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02/11/2022 Nigeria (International Christian Concern) – At a press conference earlier this month, Governor Nasir El-Rufai of Nigeria’s Kaduna State announced that, in Kaduna, 1,192 people were killed, 3,348 were kidnapped, and 891 were injured in violent attacks in 2021. These numbers represented a significant rise over 2020 when the official death toll stood in the hundreds.

At the press conference, El-Rufai attempted to shift blame to the federal government. “The Kaduna State Government appeals to the Federal Government to create a Theatre Command…confront the insurgency,” he said.

As he nears the end of his second and last term, El-Rufai has little to show for his nearly seven-year tenure. Hailed the “reformist governor” by local and international media alike, he has overseen a marked rise in violence in recent years. While some of this rise can be attributed to outside factors, such as terrorist groups and local militancy, the rise in violence also has to do El-Rufai’s failure to actively combat violence against Christians.

Indeed, hundreds of deaths in the last several years can be linked to El-Rufai’s own decisions to make Christian communities vulnerable to attack and his troubling history of fueling ethnic and religious tension in his state.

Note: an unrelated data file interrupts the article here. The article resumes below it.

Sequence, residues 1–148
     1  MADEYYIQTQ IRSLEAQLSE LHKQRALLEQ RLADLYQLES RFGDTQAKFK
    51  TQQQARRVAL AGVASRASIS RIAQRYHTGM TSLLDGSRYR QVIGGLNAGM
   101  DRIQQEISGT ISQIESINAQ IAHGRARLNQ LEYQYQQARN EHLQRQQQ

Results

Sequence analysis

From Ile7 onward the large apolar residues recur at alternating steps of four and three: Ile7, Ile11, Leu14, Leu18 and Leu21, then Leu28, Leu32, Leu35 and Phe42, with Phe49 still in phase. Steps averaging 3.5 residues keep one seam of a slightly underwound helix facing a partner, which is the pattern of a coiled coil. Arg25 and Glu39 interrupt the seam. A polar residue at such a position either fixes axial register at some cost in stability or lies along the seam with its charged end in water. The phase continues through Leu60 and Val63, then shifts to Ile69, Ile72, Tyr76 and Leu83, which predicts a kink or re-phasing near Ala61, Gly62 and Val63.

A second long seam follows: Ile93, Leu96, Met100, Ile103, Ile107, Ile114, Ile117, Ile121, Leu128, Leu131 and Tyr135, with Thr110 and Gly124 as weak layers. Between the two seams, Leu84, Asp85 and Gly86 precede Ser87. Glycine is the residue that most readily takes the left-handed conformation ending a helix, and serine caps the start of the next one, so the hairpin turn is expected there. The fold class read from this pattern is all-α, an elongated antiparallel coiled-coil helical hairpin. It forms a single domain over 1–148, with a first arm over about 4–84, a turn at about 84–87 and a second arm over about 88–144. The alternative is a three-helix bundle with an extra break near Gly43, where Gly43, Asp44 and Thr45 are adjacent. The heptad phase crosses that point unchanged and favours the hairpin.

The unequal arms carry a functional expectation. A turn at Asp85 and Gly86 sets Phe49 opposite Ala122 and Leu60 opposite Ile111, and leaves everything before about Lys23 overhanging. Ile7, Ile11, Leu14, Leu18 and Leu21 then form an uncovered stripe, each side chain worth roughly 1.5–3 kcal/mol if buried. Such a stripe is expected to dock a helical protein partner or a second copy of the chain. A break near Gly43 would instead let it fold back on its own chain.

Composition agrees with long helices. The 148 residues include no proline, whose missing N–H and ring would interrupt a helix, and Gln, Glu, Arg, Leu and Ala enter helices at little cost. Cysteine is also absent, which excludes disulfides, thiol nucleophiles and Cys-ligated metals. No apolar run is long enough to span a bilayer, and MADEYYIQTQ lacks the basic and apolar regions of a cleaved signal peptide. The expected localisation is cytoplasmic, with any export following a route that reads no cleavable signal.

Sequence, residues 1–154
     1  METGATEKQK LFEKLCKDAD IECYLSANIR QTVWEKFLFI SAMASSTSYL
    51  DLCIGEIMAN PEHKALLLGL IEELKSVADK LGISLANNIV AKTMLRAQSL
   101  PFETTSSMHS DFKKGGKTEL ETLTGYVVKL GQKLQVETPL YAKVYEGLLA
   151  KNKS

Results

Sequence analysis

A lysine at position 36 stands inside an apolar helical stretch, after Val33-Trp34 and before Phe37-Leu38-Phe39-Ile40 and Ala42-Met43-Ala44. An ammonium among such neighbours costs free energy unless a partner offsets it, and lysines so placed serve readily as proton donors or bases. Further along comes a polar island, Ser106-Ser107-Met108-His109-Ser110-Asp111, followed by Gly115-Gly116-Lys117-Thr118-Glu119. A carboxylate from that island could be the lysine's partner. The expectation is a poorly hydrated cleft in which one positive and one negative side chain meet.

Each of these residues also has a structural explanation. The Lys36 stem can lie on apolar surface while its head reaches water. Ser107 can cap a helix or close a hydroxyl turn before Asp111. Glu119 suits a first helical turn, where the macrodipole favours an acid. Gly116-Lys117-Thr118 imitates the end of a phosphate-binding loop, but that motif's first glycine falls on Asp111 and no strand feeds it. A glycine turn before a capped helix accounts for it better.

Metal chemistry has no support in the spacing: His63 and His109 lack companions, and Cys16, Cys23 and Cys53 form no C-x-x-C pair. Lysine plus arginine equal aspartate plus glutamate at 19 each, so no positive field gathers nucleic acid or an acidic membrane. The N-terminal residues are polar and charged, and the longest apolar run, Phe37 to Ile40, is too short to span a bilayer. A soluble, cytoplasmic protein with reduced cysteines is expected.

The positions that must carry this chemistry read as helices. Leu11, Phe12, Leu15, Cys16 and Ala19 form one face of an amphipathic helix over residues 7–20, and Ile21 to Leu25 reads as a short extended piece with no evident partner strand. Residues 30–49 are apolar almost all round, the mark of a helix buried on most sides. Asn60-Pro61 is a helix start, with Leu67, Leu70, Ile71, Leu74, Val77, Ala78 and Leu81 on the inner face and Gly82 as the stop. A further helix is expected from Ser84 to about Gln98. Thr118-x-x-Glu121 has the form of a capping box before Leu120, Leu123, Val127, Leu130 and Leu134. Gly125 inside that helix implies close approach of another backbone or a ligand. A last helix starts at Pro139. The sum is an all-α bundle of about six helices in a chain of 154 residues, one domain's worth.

El-Rufai claimed, in a tweet posted on September 8, 2014, that Christians were behind Boko Haram, funding and controlling it “to tarnish the name of Islam.” In his tweet, he specifically accused the Christian Association of Nigeria (CAN) and other Christians of being behind specific church bombings and shootings. Far from a front for CAN, Boko Haram is an Islamist terror group with strong ties to Islamic State.

In the days leading up to his 2019 reelection, El-Rufai whipped up public anger and physical violence when he falsely claimed that 130 Fulani had been killed in Kajuru, a locality near the capitol city of Kaduna. The Fulani are a Muslim-majority ethnic group. Many, including the National Emergency Management Agency and El Rufai’s own Commissioner of Police, denied his claims of an attack on the Fulani. In fact, eleven native Catholics were killed in Kajuru a few days before his comments. Suspected Fulani militants killed 127 people in Kajuru in what were presumably reprisal attacks in the month following El Rufai’s statement.

In 2012, El-Rufai threatened anyone who might challenge the Fulani, even in the line of military duty. “We will write this for all to read. Anyone, soldier or not, that kills the Fulani takes a loan payable one day no matter how long it takes,” he tweeted. When he took office as governor in 2015, he said that “the Fulani have nothing to fear, since a Fulani [is] now governor of the state.”

Beginning in 2016, El-Rufai has repeatedly put entire Christian communities under house arrest, leading to hundreds of deaths as attackers quickly learned that communities under house arrest are easy targets. ICC recently published a report on these lockdowns.

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